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Escape

 Coping Strategies Women Use

Women and children who survive domestic violence have talked about the various ways they have developed to cope until they could find safety.  The coping strategies they worked out enabled them to survive.  Some of the coping strategies are:

DENIAL
The survivor tells herself, in effect, that the abuse isn’t really happening.  A survivor in denial will say “This bruise? Oh, it’s nothing” or “He doesn’t really hurt me.”  Denial helps the survivor avoid feelings of terror and humiliation.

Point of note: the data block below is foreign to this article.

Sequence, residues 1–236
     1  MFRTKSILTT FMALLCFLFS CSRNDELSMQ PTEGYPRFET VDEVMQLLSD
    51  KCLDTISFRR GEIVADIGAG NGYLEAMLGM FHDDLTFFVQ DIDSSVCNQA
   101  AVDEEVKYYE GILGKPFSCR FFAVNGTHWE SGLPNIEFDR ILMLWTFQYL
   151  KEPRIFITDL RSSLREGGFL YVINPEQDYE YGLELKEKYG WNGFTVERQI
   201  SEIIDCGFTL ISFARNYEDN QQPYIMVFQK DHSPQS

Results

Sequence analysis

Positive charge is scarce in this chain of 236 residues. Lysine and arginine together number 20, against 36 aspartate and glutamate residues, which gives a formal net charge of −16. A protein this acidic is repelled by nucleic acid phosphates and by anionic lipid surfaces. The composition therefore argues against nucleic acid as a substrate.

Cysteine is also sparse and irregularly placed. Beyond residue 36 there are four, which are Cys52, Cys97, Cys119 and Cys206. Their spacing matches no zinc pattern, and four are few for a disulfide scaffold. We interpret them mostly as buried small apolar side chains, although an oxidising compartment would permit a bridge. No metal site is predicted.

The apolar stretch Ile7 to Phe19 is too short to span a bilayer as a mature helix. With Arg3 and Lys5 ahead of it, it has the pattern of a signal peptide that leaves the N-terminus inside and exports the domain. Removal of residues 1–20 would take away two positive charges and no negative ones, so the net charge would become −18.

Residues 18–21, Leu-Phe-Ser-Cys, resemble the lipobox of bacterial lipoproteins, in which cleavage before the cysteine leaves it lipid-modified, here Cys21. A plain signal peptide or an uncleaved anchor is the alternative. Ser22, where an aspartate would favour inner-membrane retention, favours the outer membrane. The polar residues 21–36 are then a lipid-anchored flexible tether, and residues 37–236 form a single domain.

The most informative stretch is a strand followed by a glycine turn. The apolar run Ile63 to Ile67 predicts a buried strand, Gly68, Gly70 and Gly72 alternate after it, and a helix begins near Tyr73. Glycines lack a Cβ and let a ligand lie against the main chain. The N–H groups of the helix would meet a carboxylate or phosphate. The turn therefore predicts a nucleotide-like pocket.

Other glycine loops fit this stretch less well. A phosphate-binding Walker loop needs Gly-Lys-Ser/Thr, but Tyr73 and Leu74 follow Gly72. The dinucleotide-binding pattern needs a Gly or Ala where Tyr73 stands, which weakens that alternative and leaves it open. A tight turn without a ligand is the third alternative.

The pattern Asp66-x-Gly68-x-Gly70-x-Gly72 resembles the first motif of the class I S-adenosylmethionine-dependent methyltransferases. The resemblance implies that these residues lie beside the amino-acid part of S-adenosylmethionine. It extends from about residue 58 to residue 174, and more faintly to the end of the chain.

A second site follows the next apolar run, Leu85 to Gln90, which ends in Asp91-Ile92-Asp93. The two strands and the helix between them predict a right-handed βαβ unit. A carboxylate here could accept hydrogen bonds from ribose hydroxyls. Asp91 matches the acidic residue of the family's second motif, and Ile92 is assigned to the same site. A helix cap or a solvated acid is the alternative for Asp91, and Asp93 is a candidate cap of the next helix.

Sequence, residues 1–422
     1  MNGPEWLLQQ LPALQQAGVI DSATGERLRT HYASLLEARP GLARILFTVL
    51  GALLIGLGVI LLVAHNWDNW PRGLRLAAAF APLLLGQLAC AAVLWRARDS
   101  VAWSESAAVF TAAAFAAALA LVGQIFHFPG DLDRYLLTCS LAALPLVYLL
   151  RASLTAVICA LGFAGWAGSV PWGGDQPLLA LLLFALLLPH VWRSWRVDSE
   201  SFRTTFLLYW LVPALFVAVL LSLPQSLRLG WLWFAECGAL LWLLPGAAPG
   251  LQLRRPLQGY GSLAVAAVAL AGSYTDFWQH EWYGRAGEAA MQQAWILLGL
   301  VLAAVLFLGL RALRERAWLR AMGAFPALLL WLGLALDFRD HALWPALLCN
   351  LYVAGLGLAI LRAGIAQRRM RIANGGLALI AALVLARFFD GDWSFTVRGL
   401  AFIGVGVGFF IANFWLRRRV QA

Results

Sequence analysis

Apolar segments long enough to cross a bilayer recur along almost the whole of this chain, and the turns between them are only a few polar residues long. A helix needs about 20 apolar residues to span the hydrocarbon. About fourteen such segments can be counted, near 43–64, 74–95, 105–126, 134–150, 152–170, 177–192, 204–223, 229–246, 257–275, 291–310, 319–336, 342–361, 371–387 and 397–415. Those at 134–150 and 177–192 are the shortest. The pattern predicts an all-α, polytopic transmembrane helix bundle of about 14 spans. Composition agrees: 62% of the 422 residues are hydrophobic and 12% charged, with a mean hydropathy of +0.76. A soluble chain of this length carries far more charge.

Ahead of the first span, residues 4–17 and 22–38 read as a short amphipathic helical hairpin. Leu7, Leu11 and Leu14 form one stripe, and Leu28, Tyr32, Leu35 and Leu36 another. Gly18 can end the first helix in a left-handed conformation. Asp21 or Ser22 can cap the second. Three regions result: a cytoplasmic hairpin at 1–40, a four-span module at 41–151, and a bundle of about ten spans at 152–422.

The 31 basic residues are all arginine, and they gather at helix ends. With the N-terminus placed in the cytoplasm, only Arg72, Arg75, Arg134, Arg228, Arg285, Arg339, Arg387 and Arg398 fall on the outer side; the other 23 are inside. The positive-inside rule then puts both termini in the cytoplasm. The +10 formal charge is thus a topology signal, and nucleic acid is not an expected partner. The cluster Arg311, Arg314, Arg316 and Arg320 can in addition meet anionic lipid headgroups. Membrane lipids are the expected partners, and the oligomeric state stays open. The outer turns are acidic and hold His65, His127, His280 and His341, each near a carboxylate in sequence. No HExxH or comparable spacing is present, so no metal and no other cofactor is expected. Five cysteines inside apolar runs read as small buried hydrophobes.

MINIMIZATION
This is a form of denial.  The survivor minimizes when she says, “This isn’t really abuse.  Abuse is more serious” or  “Well, he only hit me once with his fist.”

NIGHTMARES
These help the survivor experience some strong feelings such as, fear, anger, panic and shame, which she cannot safely share with anyone at the time.

SHOCK AND DISSOCIATION
These two reactions can numb the survivor’s mind and body while the assault takes place and for a time afterward.  The reactions help her avoid dealing with immediate feelings until she has found safety.

Even after the survivor finds safety and supportive people, she may continue to use these coping strategies until she realizes they are neither necessary nor helpful anymore.  At that point, the survivor may be interested in receiving counseling or other support services.

 

 


 

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